Connie Sutton was a role model and inspiration to me as a thinker, scholar activist, as a person with a strong sense of ethics who practiced what she believed, and as my friend. Connie chaired my dissertation committee, although I didn’t meet her until my last semester as a PhD student at NYU when she came to teach downtown from the Heights. She was a breath of fresh air: she had a political analysis and strong comparative perspective and she thought globally, making the Caribbean not only an exciting cultural world but also the jumping off place for understanding histories of global capitalism. Connie was generous, generous, generous … generations of Caribbean students, scholars and activists were welcomed at her kitchen table and in her home, as were others who shared her interests and commitments. Connie willingly shared her professional and scholarly contacts, delighted in connecting her diverse networks, and continued to support her former students far into the future. I was one of the beneficiaries of her largesse. She and I shared our joint interest in women’s international collective action and organized several scholarly sessions on the topic together, but she introduced me to leaders of the World Conferences on Women in Nairobi and Beijing, who invited me to consult with them. She also introduced me to my collaborators on transnationalism, a topic she had begun to explore.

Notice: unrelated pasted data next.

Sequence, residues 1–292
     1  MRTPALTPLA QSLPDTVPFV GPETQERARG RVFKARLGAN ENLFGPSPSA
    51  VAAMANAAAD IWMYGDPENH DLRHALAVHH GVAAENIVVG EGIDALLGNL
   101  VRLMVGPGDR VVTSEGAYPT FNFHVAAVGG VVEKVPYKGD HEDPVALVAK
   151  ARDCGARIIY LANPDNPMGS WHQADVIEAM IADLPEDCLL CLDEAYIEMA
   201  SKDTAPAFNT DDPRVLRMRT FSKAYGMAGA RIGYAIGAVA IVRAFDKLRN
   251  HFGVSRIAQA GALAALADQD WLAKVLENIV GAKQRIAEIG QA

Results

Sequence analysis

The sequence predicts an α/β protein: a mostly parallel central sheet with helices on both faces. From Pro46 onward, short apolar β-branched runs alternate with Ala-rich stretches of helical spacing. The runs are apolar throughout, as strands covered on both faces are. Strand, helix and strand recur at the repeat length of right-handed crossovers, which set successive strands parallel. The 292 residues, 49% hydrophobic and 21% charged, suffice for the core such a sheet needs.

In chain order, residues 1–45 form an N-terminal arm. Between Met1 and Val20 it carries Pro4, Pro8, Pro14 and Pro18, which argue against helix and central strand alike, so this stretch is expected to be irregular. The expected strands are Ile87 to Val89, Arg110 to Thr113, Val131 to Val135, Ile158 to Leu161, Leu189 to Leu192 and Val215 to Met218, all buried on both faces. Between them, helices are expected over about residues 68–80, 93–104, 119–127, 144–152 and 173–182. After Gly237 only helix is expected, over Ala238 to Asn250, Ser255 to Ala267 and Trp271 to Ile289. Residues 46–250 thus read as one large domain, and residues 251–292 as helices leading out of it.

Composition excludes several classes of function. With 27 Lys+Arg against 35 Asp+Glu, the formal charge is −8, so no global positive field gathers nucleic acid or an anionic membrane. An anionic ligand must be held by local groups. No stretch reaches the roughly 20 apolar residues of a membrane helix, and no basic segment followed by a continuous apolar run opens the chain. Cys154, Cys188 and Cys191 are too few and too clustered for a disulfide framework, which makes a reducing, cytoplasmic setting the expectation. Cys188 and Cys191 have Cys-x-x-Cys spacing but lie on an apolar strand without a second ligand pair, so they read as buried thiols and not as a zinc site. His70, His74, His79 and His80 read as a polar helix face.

The outpouring of expressions of sadness and appreciation from scholars and activists across the country but also from diverse corners of the Caribbean show the depth of Connie’s impact on so many. I miss you, Connie, but your spirit, energy, wise analyses and scholarship live on for me in myriad ways.
—Linda Basch, PhD (NYU)